9. Apemantus (Timon of Athens) – Oh yeah, I went there. But you don’t have to read the whole play, just check out the mother joke in the first scene.

8. Pistol (Henry V) – The loudmouth soldier tends to get overshadowed by Falstaff. But his bombast can shatter the stage when he’s ready to discharge.

7. Domitus Enobarbus (Antony and Cleopatra) – He’s a loyal soldier who abandons Antony only because he can’t support his self-destructive behavior. When Antony returns his treasure, Enobarbus dies of shame.

6. Arthur (King John) – He has few scenes, despite being an important character to the plot. He makes the list for successfully appealing to the heart of a man who has been sent to murder him.

5. Lady Grey (3 Henry VI) – After her side has lost the war, the Widow Grey bravely stands up to the new King. He cannot intimidate her, so he marries her instead. She’ll be Queen Elizabeth in the next play.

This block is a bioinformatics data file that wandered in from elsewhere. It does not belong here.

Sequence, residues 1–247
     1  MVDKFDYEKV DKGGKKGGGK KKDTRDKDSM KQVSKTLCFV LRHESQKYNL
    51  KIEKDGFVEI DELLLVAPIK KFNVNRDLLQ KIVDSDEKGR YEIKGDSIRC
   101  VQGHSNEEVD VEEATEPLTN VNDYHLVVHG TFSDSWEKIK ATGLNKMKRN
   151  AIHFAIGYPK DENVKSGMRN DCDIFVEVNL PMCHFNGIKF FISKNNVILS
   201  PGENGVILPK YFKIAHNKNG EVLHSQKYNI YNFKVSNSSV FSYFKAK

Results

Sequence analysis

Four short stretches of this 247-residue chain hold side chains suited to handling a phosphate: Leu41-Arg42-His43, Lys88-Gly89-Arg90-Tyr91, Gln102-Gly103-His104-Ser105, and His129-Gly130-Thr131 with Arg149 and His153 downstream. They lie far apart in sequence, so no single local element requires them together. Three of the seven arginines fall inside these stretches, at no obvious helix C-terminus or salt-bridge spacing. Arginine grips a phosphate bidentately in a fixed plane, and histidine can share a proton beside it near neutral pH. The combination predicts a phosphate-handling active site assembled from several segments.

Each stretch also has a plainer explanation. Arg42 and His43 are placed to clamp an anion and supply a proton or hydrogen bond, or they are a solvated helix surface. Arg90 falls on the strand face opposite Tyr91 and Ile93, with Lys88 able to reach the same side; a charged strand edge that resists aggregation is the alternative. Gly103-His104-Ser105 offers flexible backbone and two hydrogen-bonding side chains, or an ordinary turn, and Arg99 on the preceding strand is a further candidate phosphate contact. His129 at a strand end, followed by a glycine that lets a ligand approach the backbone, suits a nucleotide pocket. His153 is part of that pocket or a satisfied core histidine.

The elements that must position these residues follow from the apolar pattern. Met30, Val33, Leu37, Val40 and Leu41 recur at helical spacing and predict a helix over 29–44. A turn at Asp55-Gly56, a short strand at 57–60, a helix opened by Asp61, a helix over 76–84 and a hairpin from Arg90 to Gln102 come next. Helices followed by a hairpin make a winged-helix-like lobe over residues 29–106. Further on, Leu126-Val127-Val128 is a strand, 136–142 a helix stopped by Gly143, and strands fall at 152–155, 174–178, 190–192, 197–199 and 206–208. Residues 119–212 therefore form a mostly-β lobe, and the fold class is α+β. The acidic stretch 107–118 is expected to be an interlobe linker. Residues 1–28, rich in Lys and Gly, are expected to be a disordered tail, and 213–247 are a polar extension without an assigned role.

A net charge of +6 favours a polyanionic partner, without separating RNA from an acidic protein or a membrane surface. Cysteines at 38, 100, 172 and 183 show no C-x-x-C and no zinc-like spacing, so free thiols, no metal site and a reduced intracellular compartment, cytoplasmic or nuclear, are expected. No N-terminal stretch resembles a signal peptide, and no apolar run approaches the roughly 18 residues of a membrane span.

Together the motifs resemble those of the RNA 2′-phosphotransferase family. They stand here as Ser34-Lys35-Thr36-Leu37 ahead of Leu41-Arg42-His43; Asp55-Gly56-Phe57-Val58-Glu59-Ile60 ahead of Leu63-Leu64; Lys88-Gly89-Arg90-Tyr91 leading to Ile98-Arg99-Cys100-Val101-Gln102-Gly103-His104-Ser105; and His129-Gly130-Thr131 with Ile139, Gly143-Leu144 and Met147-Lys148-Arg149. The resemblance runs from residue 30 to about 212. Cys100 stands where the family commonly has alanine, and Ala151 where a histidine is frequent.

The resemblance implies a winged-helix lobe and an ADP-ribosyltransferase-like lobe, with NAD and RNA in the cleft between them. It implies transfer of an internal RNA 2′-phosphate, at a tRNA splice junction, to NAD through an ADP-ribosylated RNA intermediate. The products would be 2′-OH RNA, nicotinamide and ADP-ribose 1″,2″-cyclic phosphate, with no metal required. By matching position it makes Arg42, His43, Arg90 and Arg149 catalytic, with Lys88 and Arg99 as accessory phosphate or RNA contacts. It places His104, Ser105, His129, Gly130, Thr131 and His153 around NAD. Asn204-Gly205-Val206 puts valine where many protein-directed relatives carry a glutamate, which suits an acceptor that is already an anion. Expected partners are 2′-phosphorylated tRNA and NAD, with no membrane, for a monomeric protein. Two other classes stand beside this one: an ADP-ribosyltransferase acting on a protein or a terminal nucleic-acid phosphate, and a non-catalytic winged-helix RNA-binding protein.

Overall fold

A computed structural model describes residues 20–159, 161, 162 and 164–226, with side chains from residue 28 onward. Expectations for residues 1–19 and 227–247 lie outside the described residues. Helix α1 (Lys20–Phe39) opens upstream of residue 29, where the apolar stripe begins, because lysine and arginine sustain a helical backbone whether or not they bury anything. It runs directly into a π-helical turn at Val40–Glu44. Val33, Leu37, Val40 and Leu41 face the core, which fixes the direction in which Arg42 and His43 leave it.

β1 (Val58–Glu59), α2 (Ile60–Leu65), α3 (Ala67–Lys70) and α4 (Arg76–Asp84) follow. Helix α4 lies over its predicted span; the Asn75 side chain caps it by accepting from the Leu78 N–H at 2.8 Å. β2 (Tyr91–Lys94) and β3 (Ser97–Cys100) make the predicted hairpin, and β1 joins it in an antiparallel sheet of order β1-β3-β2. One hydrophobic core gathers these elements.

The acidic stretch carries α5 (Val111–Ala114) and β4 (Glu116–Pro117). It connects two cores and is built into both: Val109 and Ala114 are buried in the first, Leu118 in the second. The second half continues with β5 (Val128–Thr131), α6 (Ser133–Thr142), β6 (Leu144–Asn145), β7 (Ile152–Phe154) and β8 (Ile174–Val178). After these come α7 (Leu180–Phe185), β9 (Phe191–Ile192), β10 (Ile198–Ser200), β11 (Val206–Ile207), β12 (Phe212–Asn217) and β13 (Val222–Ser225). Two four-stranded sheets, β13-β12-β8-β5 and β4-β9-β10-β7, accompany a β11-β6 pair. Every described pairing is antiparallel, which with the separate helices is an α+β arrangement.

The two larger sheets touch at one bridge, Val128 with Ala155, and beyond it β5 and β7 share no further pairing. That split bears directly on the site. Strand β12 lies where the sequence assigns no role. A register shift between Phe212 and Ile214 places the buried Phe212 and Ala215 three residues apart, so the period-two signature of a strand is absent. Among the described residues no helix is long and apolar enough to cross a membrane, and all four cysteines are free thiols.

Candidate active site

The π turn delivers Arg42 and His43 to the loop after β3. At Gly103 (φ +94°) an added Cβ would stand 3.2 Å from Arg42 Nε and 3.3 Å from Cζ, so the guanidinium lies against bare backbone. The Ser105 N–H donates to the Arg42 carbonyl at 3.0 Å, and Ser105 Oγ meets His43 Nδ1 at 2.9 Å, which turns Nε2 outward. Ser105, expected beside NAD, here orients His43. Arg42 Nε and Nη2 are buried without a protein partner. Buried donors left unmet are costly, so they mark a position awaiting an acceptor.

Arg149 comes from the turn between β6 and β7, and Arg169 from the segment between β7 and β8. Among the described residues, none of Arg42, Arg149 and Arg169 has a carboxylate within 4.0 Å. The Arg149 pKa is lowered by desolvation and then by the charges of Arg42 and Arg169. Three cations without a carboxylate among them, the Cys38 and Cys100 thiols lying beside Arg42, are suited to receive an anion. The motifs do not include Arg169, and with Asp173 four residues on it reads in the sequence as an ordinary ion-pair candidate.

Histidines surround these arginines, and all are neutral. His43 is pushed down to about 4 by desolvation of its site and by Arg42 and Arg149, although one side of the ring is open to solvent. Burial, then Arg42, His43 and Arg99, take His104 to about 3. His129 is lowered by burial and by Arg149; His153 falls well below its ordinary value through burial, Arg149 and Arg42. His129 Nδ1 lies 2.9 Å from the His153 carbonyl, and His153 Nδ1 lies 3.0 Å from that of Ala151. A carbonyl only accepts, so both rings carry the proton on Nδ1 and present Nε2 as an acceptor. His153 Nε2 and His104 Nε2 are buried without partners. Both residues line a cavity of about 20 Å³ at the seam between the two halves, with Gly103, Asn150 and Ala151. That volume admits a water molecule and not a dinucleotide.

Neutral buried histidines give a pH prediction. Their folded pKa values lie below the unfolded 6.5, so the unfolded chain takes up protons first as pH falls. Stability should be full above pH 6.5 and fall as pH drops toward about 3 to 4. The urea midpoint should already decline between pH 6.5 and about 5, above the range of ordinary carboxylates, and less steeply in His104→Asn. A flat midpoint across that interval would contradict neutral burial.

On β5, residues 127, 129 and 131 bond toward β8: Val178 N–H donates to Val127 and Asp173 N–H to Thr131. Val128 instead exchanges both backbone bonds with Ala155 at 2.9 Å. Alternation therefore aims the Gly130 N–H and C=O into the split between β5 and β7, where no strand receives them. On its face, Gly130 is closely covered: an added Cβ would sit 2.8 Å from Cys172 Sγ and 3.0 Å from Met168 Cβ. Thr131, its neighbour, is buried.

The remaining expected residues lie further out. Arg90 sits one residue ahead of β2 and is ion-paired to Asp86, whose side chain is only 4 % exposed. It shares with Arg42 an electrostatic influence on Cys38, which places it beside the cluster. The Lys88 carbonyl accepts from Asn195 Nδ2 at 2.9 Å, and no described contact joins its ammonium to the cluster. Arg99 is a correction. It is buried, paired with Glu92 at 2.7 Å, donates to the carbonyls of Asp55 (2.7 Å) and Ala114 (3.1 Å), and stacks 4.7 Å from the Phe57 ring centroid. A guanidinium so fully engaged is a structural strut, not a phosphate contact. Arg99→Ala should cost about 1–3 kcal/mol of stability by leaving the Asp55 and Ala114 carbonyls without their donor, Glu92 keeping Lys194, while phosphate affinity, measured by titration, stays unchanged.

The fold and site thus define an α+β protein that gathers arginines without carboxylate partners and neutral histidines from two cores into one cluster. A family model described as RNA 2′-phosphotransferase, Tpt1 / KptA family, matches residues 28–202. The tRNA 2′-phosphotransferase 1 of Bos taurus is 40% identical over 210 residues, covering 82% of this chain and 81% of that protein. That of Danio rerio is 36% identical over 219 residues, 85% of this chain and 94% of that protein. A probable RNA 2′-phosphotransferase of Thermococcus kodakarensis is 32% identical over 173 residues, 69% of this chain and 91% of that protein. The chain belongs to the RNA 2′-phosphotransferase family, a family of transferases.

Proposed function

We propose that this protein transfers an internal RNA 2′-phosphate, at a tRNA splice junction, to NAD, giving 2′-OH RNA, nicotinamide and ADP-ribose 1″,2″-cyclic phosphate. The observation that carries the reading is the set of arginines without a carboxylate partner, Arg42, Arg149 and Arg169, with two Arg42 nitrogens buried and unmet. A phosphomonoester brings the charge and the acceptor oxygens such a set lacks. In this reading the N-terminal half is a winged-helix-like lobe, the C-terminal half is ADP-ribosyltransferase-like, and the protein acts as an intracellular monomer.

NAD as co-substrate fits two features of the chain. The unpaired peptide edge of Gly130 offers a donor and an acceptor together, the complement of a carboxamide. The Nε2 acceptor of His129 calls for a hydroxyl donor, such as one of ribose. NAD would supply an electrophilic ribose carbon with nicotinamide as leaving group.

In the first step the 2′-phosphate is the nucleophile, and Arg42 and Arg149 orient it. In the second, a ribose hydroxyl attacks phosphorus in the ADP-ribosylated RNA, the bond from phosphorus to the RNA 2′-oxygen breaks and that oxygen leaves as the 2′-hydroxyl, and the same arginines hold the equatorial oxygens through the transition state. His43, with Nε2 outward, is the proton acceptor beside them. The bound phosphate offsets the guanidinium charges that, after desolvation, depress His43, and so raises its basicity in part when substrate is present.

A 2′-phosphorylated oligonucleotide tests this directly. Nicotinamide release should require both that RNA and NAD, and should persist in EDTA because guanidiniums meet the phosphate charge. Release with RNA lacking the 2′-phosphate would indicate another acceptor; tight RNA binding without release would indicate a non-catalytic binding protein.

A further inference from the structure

4. Sir William Catesby (Richard III) – We remember the evil machinations of Richard and Buckingham, but Catesby is there with them every step of the way, and seems to have no conscience about it.

3. Tranio (The Taming of the Shrew) – It’s easy to forget about Tranio. But while his master is playing servant to win his one true love, Tranio’s the servant who is playing his master – the much harder role!

2. First Gravedigger (Hamlet) – Often dismissed as merely a comic character, the Gravedigger gives Hamlet a chance to reflect on matters of life and death, thus underscoring one of the major themes of the play.

1. Jack Cade (2 Henry VI) – He’s an unlikely claimant to the throne, but his populist rhetoric has the power to start a rebellion at least. This is, I believe, Shakespeare’s most underrated character.

And finally, I invite my friends at Pursued By a Bear to join me in awarding an honorable mention to the most awesome, most minor character in the entire canon…

THE BEAR!

Who Do I Write Like?

Wednesday, July 14th, 2010

I write like
William Shakespeare

I Write Like by Mémoires, Mac journal software. Analyze your writing!

If you’re curious, the text I used was my most recent prose blog post that doesn’t have any images, quotes, or subheadings.

Autopilot

Wednesday, November 26th, 2008